Basilica St. Paul outside the Walls

San Paolo fuori le Mura or Basilica Ostiense (because situated on the road to Ostia) has been erected on the spot where St. Paul has been buried. The most important of the Apostles, who had been converted on his way to Damascus and had returned to Rome, was decapitated in the persecution of Christians under Emperor Nero in the year 67 and buried on the road to Ostia on a piece of land of a Christian woman called Lucina. The Emperor Constantine commissioned a memorial chapel, and in 386 the Emperors Valentinian, Theodosius and Arcadius donated a basilica.

Until the new construction of St. Peter's Basilica this has not only been the largest but also the most beautiful of the Roman churches, with a rich decoration of mosaics and fresco paintings. In the 5th century, Prudentius described it as a "Golden Dome". The custom of displaying portraits of the popes in medallions above the pillars comes from that period.

Apart from small retouches, restoration after an earthquake and the replacements of some mosaics or paintings, the basilica has practically not been altered for centuries. Only under Sixtus V the coffered ceiling was added, and under Benedictus XIII, Alessandro Galilei built a classicist portico. Then, during the night between July 15 and 16, 1823, an enormous fire destroyed the whole basilica. It was rebuilt over the foundation walls and with the same floor plans, mainly by Luigi Poletti in the 19th century in its historic style, and consecrated again in 1840. The enormous four-side portico was added only in 1892-1928. From the original interior, especially the paintings, almost nothing remained.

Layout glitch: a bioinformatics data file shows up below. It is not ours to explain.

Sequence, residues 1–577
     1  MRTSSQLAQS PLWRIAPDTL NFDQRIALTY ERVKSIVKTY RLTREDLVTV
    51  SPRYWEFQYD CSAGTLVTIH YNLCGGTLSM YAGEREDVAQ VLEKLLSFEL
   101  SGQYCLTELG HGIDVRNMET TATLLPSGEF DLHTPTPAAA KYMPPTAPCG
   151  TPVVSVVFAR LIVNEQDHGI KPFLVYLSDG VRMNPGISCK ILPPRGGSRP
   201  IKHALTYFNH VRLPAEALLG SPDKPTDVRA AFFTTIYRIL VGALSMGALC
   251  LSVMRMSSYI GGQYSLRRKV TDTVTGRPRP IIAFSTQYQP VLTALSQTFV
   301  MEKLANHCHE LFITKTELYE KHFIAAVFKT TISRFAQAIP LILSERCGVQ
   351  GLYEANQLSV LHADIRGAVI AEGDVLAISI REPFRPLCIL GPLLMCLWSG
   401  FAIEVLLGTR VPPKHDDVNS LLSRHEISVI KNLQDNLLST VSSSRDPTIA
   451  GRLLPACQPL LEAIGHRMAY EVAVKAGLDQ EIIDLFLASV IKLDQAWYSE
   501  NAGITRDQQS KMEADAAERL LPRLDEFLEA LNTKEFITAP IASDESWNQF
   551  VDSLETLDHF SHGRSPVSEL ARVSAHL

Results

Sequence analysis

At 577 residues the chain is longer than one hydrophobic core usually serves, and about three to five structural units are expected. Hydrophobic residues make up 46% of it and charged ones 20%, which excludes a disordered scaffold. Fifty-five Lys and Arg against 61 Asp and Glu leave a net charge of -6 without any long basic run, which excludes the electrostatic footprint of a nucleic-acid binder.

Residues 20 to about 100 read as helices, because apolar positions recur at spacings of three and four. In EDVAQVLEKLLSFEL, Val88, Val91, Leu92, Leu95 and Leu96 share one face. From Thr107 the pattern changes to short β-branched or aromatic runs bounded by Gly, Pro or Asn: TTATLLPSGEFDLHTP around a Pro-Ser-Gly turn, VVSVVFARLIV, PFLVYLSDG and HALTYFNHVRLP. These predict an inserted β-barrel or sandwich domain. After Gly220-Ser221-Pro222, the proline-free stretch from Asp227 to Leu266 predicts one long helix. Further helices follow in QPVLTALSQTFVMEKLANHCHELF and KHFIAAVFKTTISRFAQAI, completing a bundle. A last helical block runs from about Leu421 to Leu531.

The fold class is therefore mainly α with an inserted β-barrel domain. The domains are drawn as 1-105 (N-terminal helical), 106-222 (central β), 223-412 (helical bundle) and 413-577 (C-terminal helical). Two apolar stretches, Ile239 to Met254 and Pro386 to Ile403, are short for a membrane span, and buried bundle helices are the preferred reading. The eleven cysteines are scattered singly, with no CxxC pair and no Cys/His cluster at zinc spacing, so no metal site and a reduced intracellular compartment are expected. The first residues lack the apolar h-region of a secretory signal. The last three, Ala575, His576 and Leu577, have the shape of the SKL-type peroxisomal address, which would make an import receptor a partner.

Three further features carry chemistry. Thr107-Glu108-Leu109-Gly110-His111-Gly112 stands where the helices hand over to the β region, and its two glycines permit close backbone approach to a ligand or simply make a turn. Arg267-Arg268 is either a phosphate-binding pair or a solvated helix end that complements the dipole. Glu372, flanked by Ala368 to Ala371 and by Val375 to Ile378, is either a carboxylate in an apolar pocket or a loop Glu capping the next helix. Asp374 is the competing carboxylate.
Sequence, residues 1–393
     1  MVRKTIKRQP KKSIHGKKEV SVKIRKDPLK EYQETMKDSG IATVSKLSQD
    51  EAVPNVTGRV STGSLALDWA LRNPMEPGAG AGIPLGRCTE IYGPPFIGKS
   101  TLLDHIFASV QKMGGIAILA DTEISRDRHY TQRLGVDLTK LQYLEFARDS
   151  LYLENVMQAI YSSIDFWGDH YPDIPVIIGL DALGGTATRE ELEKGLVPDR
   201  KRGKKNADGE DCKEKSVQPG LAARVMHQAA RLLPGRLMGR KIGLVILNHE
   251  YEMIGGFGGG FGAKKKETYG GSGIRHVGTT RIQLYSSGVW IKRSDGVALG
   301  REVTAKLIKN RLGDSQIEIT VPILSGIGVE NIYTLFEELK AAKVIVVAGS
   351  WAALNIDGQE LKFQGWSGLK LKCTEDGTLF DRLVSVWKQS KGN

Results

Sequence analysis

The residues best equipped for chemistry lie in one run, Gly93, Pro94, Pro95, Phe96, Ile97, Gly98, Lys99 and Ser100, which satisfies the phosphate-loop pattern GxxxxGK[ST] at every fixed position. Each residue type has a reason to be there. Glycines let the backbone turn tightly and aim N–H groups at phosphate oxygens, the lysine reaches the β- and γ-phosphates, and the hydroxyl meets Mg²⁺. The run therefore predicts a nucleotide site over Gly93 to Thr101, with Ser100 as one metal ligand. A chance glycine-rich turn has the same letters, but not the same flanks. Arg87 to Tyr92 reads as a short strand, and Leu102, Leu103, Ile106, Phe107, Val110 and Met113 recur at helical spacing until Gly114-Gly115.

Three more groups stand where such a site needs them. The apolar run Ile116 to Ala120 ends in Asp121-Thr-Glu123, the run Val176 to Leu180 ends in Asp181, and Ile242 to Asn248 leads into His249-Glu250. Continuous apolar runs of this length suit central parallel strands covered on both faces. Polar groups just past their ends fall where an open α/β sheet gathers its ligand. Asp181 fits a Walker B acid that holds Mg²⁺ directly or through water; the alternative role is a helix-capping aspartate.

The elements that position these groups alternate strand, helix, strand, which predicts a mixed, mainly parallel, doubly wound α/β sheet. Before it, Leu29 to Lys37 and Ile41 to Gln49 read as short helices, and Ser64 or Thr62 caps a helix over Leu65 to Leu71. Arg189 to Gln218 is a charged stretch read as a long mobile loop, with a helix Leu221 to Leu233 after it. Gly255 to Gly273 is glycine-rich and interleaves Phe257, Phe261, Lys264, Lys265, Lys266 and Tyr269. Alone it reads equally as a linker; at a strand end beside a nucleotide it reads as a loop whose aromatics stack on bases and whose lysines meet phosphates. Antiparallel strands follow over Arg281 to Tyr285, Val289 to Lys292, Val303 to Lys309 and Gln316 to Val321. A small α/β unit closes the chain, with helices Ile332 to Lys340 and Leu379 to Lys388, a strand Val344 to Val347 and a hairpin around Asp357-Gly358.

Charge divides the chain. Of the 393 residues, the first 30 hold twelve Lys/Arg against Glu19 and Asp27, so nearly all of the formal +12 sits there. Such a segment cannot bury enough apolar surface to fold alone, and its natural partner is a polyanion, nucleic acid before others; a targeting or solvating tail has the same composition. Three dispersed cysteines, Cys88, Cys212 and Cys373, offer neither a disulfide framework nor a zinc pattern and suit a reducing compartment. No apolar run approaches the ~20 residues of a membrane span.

The mosaics were restored or rather reconstructed in a romantic style. Only behind the triumphal arch what rests of some of Pietro Cavallini's mosaics shows their original state. Several important remains, such as an enormous head of St. Peter, a Madonna mosaic and the 42 most antique papal medallions which survived the fire, are exposed in the vestry and in the museum. What remained in the basilica itself was a fine marble canopy over the high altar, the work of Arnolfo di Cambio (1285) and a masterpiece of Italian Gothic style, and an impressive Paschal candlestick from the 12th century. Fortunately, the fire also spared the cloister (1241), with its pairs of colourful inlaid columns, considered one of the most beautiful in Rome.